Member
Posts: 3168
From: Ontario, Canada
Joined: 12-02-2004
Member Rating: 1.9


(1)
Message 19 of 60 (831877)
04-26-2018 9:46 AM
Reply to: Message 18 by Rrhain
04-25-2018 8:04 PM


Re: A Thought on the Toronto Van Rampage
Rrhain writes:

And what part of "the guy was white" played into your analysis?

Enough to know it could be a significant factor, and also that it might not.

Let's not pretend that Canada has defeated racism.

I agree we shouldn't do that.
It's quite easy to praise a cop in doing a good job (an amazing feat of restraint!) without pretending that Canada has defeated racism.
I think you have an issue with taking things to extremes in order to push a provocative agenda.

In November of last year, the city of Toronto was the subject of an investigation into racial profiling by police.

Good.
I hope they continue such endeavors. Canada most certainly has not defeated racism.


This message is a reply to:
 Message 18 by Rrhain, posted 04-25-2018 8:04 PM Rrhain has responded

Replies to this message:
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Phat
Member
Posts: 10775
From: Denver,Colorado USA
Joined: 12-30-2003
Member Rating: 1.2


Message 20 of 60 (831878)
04-26-2018 9:53 AM
Reply to: Message 18 by Rrhain
04-25-2018 8:04 PM


Re: A Thought on the Toronto Van Rampage
Rrhain writes:

And what part of "the guy was white" played into your analysis?

Let's not pretend that Canada has defeated racism.

And I don't believe that humans ever will fully defeat our prejudices and preconceived profilings. We will simply get better than we used to be, hopefully.

Stile is right---you always like to push activist causes. Are you one of them radicals?


Chance as a real force is a myth. It has no basis in reality and no place in scientific inquiry. For science and philosophy to continue to advance in knowledge, chance must be demythologized once and for all. –RC Sproul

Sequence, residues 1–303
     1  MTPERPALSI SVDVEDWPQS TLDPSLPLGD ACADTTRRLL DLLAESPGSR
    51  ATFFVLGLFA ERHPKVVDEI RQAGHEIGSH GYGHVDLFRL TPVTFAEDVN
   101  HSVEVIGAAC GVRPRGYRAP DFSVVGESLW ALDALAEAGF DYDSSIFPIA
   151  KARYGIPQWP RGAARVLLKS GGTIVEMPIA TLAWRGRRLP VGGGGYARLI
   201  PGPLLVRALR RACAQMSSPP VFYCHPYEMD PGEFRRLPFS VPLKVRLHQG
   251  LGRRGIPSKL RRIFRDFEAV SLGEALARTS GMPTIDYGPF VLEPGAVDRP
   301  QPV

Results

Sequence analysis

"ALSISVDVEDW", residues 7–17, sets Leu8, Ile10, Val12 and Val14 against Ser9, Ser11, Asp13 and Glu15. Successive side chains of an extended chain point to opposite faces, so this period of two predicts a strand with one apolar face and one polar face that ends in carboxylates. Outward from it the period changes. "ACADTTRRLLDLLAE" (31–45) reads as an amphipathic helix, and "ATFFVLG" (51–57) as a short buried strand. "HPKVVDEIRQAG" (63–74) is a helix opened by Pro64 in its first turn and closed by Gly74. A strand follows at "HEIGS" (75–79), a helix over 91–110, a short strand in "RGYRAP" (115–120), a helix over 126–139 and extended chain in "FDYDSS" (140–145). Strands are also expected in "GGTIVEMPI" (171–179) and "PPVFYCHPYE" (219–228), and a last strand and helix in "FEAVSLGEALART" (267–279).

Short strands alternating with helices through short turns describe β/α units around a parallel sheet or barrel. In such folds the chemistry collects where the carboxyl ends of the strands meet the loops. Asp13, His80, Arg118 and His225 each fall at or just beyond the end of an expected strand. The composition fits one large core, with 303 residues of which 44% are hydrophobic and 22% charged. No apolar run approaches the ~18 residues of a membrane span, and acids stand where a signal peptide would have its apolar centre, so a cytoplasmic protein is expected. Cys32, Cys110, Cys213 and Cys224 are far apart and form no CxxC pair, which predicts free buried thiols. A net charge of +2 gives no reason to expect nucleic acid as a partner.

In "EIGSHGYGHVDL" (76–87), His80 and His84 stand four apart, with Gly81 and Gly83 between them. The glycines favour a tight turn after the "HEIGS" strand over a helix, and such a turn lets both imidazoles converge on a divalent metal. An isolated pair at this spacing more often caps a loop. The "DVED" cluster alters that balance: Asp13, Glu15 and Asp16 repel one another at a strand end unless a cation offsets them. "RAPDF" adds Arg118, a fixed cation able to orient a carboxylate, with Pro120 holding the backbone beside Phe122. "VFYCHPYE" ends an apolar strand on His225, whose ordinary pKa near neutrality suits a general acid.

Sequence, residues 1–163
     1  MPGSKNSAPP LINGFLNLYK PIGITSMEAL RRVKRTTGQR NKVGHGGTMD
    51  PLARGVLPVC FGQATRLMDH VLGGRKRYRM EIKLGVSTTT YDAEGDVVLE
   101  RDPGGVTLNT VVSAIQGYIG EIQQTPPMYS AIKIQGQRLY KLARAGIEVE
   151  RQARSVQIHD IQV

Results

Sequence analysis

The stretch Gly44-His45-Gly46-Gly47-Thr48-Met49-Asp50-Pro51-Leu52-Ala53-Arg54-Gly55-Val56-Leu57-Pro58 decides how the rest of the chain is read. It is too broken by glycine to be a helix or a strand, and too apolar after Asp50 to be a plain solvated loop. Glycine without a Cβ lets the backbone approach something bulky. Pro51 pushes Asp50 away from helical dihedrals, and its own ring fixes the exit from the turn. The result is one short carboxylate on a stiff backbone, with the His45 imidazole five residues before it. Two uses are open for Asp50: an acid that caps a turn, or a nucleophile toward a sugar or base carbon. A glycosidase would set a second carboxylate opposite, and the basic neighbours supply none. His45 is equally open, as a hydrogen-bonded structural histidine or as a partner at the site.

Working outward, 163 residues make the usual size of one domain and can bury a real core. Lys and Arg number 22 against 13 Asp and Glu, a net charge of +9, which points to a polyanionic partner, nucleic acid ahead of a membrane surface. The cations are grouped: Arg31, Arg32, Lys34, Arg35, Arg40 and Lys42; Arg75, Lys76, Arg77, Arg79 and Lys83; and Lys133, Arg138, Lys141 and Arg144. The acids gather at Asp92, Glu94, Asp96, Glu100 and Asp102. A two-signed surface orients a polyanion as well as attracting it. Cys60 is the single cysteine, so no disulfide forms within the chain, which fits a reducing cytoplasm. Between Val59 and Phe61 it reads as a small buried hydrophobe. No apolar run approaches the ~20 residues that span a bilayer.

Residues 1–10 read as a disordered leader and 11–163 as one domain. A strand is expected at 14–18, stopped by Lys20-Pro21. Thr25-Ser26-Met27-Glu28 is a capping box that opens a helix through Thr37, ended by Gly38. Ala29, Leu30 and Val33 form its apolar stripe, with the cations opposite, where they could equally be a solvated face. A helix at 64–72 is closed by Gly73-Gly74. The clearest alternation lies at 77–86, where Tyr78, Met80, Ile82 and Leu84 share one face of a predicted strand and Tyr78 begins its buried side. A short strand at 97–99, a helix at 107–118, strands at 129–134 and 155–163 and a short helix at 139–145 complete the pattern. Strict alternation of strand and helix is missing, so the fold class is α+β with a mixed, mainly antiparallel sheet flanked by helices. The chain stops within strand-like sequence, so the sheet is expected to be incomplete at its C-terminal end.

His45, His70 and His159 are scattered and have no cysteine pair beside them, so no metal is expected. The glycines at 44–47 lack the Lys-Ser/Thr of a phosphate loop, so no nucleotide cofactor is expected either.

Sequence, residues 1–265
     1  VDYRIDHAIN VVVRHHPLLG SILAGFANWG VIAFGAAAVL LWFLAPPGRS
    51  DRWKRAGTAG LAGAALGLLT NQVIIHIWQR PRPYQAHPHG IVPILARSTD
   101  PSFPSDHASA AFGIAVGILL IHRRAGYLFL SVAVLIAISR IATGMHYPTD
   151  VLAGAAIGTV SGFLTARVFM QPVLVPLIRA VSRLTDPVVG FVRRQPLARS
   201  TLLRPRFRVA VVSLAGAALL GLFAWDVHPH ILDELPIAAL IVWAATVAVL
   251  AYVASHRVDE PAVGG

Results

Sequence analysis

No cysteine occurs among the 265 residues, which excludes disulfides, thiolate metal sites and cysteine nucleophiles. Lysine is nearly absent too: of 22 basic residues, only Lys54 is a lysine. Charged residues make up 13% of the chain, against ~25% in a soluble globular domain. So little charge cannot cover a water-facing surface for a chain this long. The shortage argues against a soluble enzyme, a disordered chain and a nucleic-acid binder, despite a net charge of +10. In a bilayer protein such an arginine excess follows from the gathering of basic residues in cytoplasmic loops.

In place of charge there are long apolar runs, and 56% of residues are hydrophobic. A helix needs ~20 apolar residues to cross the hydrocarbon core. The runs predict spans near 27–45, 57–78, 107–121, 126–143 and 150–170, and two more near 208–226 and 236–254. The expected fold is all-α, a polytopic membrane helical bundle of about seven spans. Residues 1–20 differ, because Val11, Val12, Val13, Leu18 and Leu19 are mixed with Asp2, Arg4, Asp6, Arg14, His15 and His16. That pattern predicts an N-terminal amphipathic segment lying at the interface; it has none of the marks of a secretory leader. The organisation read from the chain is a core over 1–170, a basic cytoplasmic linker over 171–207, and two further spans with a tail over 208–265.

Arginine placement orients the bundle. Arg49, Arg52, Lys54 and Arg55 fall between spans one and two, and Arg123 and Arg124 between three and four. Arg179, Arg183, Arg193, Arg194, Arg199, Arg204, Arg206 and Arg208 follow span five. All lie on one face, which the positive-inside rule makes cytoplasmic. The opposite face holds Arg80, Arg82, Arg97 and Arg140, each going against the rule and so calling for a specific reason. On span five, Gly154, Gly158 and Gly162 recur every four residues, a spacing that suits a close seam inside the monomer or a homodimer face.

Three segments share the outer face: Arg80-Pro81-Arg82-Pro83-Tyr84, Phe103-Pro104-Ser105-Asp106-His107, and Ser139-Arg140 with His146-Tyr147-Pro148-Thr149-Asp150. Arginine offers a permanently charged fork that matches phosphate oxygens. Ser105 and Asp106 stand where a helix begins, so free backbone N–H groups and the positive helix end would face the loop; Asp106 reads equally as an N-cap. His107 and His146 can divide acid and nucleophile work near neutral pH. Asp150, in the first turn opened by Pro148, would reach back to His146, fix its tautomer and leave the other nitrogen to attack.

"A lie can travel half way around the world while the truth is putting on its shoes." –Mark Twain "
~"If that's not sufficient for you go soak your head."~Faith
Paul was probably SO soaked in prayer nobody else has ever equaled him.~Faith :)

This message is a reply to:
 Message 18 by Rrhain, posted 04-25-2018 8:04 PM Rrhain has not yet responded

  
Rrhain
Member
Posts: 6349
From: San Diego, CA, USA
Joined: 05-03-2003
Member Rating: 1.4


(1)
Message 21 of 60 (831899)
04-26-2018 8:02 PM
Reply to: Message 19 by Stile
04-26-2018 9:46 AM


Re: A Thought on the Toronto Van Rampage
Stile responds to me:

quote:
It's quite easy to praise a cop in doing a good job (an amazing feat of restraint!) without pretending that Canada has defeated racism.

And apparently it's quite easy to pretend that this "restraint" had nothing to do with the race of the suspect. The very reason you provide for why the cop didn't shoot is exactly what causes them to shoot at black people. Don't you find it interesting that a suspect that is actively threatening the cops, making it seem like he has a weapon, doesn't get shot at while another suspect who is actively submissive and showing that he does not have a weapon gets shot under the claim of, "I thought he had a gun"? That a cop demands a suspect to show ID and when said suspect reaches for his wallet to get it, the cops shoot him claiming, "I thought he had a gun"?

It's precious how you think this is an example of "taking things to extremes." It is hardly "provocative" to note that once again, we see white people being treated better than black people.

Note, this is not a condemnation of the officer for managing to handle the situation without shooting someone. It does mean that since we know it can be done, we need to start wondering why such things can't be done more often. We need to start holding all of our police interactions up to this standard.


Rrhain

Thank you for your submission to Science. Your paper was reviewed by a jury of seventh graders so that they could look for balance and to allow them to make up their own minds. We are sorry to say that they found your paper "bogus," specifically describing the section on the laboratory work "boring." We regret that we will be unable to publish your work at this time.

Minds are like parachutes. Just because you've lost yours doesn't mean you can use mine.

This message is a reply to:
 Message 19 by Stile, posted 04-26-2018 9:46 AM Stile has responded

Replies to this message:
 Message 22 by Modulous, posted 04-26-2018 8:38 PM Rrhain has responded
 Message 23 by Stile, posted 04-27-2018 9:44 AM Rrhain has responded